Only 11.8% of website ‘cookie banners’ are complying with GDPR
Designs that remove opt-out button from first page increase consent by 22 to 23%
GDPR: not many websites meeting minimal requirements
The GDPR was introduced in May 2018 and with it came consent management platforms (CMPs) designed to aid websites in conforming to the new regulation while collecting and processing a user’s personal information. Two years on and it looks like only 11.8 per cent of websites meet the minimal requirements based on European law.
A collaborative study from University College London, MIT and Aarhus University in Denmark scraped the designs of the five most popular consent management platforms used by the top 100 visited websites in the UK. One of these minimal requirements is to allow the user to provide freely given and unambiguous consent. The study authors say: “So-called ‘implicit’ or ‘opt-out’ consent – continuing to use a website without active objection to a notice – is not a clear positive action and as such will not establish a valid legal basis to lay cookies or process data on the basis of consent.”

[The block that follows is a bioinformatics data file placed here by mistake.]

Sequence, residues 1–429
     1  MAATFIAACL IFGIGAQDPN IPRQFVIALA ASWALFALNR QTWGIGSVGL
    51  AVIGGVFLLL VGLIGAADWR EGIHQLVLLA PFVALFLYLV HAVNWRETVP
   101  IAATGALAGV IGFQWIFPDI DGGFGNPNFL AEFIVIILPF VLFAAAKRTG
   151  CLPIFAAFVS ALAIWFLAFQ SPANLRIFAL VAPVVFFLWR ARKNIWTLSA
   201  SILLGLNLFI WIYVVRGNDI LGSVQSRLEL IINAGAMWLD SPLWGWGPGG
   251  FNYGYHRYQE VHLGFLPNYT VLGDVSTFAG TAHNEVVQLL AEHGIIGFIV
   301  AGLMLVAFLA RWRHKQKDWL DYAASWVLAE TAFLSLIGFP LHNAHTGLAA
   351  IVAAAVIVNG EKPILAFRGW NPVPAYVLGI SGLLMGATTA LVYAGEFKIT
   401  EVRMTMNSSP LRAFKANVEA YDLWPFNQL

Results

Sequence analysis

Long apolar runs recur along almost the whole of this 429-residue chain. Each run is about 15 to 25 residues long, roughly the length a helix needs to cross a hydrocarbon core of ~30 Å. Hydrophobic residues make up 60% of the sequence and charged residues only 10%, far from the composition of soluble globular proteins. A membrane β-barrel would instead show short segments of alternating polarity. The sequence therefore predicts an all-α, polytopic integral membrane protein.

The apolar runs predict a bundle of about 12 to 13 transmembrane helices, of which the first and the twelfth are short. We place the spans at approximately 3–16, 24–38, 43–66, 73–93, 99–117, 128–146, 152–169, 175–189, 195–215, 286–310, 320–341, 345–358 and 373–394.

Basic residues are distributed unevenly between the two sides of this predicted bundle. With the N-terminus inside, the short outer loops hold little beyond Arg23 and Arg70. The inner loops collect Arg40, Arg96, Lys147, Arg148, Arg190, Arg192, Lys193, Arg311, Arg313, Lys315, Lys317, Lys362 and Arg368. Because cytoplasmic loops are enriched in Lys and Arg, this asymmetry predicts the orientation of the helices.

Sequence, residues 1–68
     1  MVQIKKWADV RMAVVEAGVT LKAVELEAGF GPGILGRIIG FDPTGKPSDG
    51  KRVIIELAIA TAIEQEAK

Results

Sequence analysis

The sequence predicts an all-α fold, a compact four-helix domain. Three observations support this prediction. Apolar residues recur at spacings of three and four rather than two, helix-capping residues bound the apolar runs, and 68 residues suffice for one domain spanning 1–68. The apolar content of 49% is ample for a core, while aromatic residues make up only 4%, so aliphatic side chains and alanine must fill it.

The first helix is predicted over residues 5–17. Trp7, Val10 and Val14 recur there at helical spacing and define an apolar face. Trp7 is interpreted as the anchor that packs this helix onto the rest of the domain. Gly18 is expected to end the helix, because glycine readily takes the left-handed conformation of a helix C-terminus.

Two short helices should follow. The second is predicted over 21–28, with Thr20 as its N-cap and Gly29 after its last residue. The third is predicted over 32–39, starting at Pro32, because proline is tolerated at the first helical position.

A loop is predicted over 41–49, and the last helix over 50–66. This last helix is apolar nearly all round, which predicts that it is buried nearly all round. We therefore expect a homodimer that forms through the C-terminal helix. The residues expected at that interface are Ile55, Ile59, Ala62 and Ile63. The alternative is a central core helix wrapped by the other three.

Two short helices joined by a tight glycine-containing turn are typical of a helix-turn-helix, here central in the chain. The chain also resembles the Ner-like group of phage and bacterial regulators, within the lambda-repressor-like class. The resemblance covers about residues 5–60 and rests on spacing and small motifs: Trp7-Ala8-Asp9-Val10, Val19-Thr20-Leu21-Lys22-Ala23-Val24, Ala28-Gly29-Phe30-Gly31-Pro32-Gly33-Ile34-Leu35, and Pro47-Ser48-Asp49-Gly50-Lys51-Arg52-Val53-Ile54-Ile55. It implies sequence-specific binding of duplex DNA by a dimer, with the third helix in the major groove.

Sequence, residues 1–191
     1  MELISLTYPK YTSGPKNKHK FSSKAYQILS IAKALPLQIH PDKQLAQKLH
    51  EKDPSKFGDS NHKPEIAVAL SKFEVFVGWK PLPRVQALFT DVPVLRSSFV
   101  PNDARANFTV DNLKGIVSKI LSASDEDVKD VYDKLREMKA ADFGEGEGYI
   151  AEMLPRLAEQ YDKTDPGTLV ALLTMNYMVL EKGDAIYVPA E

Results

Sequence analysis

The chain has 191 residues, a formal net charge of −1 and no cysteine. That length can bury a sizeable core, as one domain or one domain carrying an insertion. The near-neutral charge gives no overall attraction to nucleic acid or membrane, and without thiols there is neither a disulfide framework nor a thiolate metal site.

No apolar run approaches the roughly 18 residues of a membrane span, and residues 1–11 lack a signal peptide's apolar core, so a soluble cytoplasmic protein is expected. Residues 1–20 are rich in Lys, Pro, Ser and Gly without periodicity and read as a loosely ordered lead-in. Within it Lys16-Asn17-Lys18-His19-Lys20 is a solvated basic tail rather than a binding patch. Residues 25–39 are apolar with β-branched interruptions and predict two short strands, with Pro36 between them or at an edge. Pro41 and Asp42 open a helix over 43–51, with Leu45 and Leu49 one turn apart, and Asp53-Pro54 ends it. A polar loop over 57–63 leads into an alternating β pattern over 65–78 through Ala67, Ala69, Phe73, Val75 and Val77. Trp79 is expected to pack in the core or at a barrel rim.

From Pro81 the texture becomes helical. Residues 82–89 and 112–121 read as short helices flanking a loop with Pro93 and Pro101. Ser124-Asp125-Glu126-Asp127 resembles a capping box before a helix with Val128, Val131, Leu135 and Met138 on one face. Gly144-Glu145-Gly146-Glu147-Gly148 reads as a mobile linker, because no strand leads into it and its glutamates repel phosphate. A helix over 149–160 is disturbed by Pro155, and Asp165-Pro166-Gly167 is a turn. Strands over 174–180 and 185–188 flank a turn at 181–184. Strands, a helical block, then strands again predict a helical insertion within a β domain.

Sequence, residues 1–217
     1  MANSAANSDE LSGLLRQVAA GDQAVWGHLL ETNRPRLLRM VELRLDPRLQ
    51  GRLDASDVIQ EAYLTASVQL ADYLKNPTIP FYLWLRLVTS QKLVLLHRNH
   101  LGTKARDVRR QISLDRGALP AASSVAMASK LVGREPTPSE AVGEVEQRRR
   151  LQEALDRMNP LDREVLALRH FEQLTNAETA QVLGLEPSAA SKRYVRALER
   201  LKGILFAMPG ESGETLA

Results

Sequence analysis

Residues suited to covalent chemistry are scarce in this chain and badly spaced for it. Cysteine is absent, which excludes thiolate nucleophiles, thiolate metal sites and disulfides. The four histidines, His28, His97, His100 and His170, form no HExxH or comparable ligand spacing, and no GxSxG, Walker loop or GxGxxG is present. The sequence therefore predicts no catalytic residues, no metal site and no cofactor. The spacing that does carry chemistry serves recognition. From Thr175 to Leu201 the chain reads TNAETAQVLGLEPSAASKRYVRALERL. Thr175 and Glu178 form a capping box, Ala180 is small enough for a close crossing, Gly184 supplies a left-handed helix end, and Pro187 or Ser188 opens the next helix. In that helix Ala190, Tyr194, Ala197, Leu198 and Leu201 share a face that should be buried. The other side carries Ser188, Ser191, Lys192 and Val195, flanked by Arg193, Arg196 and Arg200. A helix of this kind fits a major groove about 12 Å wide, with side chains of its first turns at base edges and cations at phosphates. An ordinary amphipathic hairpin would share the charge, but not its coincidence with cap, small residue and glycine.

Additionally, the researchers carried out a study on user experience of these CMPs and found that the design of these pop-ups – known as cookie banners – has an impact on whether consent is given or not. Designs that remove the opt-out button from the first page increase consent by 22 to 23 per cent whereas providing the user with more granular controls on the first page decreases consent by 8 to 20 per cent. arxiv.org